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Re: Concerns over the Nikon D5 DR Strategy
« Reply #129 on: May 10, 2016, 09:07:36 am »

Yet the applications where these improvements will be noticeable are only a tiny proportion of photographs.

If you're shooting fast action in good light, a D4s or 1Dx will also track perfectly (so will a 5D3 or D810). If things are dark but the subject isn't moving so fast towards or away from the camera, or is far away enough that the lens doesn't have to move much, a D4s or 1Dx will also track perfectly. You can't track better than perfectly - the D5's AF won't help where the tracking is already working well.

Another report from real world showing pretty clearly that there is no need to be working on super challenging subjects to see very significant improvements from the AF of the D5:

http://www.dpreview.com/forums/post/57740464

Cheers,
Bernard

hjulenissen

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Re: Concerns over the Nikon D5 DR Strategy
« Reply #130 on: May 11, 2016, 02:30:21 am »

No, the combination takes place after all the photosites have been individually read. As in, all of them undergo A/D conversion first, then the image is downsampled to the final resolution. I don't know how you could bin the pixels prior to A/D conversion without using a completely different architecture to full-resolution stills.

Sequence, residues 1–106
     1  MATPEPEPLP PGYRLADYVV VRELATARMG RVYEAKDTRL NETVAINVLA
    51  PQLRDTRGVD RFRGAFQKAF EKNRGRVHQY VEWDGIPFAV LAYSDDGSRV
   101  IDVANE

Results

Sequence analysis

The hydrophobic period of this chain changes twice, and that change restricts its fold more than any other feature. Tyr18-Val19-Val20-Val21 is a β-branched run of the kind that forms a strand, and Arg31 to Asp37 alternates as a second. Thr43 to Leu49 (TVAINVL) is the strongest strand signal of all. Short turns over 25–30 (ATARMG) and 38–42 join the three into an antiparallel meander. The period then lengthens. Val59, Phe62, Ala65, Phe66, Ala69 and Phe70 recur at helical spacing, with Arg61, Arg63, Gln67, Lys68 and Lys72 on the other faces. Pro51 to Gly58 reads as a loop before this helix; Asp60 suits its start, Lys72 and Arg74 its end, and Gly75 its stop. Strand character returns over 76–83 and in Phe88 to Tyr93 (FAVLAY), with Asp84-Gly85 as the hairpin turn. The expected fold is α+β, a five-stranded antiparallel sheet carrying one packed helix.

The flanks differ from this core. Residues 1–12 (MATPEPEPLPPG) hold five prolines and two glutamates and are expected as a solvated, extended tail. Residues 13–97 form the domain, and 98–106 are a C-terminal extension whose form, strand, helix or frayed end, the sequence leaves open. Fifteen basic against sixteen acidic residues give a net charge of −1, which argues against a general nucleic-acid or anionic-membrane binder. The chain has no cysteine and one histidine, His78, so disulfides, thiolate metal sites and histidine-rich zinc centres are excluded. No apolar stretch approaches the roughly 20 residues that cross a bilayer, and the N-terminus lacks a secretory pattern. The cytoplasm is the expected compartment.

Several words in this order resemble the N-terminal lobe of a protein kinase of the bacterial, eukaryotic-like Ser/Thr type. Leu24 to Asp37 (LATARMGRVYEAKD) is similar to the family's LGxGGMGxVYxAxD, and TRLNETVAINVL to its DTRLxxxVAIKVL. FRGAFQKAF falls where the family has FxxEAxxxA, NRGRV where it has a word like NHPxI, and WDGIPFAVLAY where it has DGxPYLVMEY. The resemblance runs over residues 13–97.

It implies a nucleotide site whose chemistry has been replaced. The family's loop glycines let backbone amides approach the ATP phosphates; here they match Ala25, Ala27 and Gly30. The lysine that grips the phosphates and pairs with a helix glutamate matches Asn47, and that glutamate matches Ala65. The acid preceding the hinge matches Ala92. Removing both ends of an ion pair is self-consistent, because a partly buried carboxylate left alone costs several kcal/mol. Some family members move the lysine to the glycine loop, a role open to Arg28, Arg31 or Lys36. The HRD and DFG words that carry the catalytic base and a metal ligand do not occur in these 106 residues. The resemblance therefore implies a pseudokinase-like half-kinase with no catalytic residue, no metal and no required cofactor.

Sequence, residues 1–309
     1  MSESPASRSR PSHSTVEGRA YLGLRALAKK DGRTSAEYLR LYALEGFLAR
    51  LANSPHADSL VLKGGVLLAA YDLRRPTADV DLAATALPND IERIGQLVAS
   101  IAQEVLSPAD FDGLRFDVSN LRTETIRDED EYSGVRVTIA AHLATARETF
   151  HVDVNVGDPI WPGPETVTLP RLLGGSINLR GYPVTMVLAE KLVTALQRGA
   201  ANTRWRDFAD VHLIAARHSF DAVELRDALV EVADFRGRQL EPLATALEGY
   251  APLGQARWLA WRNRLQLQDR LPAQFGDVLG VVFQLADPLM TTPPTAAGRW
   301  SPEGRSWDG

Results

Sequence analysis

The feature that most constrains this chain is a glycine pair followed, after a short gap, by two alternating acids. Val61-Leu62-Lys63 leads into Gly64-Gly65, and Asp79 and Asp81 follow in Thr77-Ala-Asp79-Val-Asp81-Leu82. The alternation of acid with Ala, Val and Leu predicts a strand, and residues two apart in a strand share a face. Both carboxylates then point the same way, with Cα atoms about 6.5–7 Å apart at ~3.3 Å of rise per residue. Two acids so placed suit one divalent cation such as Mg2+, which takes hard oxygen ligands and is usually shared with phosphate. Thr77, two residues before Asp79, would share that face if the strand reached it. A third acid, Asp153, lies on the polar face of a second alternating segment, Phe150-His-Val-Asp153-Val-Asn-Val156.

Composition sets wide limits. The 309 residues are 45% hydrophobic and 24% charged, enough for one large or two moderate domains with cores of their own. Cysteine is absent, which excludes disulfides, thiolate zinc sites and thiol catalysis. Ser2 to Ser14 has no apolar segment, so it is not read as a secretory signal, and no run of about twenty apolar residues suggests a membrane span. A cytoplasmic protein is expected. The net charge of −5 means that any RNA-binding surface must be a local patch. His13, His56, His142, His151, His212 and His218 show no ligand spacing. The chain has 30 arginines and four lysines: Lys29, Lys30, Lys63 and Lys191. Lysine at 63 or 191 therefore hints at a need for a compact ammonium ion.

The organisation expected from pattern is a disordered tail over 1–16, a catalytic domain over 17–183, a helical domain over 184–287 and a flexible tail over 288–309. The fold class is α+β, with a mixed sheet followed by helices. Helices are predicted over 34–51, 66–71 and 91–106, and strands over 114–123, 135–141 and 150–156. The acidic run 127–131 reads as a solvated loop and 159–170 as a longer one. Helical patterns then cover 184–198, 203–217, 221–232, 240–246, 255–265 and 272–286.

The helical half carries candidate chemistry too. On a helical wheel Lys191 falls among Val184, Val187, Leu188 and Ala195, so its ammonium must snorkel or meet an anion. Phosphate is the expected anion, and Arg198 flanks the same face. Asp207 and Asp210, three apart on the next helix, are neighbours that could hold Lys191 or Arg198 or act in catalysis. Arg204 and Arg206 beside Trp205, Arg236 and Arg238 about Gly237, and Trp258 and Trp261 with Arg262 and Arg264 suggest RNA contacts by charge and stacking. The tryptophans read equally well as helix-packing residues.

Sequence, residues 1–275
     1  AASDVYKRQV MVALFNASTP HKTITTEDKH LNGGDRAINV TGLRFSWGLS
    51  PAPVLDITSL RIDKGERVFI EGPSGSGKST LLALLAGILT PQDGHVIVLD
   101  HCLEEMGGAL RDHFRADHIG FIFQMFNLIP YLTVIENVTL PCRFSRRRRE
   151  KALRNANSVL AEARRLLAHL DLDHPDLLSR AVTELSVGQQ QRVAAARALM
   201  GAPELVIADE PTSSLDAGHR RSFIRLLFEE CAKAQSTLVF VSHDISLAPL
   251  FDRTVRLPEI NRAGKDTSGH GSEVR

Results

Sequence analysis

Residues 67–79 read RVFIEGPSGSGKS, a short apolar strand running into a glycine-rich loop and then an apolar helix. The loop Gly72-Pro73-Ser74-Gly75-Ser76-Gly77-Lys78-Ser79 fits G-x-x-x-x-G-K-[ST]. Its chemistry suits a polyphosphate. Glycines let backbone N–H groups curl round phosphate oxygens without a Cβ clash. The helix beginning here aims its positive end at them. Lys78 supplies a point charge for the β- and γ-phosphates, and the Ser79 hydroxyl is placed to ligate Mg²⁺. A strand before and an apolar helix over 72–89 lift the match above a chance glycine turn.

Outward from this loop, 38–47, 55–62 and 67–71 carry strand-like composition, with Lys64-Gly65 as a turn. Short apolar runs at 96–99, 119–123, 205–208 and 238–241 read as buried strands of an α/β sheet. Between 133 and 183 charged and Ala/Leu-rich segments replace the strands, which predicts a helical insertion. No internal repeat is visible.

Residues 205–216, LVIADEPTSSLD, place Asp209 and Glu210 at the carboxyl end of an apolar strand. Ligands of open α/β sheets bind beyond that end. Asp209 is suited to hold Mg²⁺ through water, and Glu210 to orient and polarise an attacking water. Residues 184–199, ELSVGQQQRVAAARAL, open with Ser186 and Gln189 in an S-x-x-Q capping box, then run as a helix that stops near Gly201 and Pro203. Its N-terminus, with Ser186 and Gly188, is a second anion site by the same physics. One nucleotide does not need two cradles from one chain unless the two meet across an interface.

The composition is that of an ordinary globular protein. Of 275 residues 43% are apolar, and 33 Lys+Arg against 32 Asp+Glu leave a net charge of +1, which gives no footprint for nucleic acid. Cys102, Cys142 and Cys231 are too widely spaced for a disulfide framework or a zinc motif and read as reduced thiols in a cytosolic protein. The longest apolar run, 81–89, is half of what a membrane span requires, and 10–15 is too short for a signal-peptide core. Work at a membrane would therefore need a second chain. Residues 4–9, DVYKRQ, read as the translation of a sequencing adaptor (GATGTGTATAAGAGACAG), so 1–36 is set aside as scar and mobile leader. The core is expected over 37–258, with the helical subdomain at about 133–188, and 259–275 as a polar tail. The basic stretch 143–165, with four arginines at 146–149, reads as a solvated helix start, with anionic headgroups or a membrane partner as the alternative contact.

Exactly. Then you are not talking about pixel binning, but straight image scaling. Pixel binning occurs in the analog domain to overcome readnoise. Image scaling is (in this context) a sw/hw digital process.

http://www.photometrics.com/resources/learningzone/binning.php
"Binning is the process of combining charge from adjacent pixels in a CCD during readout. This process is performed prior to digitization in the on-chip circuitry of the CCD by specialized control of the serial and parallel registers. The two primary benefits of binning are improved signal-to-noise ratio (SNR) and the ability to increase frame rate, albeit at the expense of reduced spatial resolution."
Quote
Don't believe me? Take a single frame from a video sequence of a nonmoving scene, then take a still image of the same subject using the same ISO and shutter speed as was used for video. Downsample the still image to the same resolution as the video frame. You will find that the noise is in the same ballpark. In other words, the video sequence is making use of every pixel on the sensor - if it were only using every second or third pixel, you'd be getting several times the noise.
I don't have a 5Ds. I have a 7D, and I think that we agree that it is doing line-skipping?

Further, I think that your method has some serious limitations. You do know that lossy video codecs throw out something like 99% of the information in an image, using (in effect) complex spatio-temporal transforms? And that removing noise is an efficient pre-processing to help efficient encoding? Comparing noise levels visually in such cases is very hard.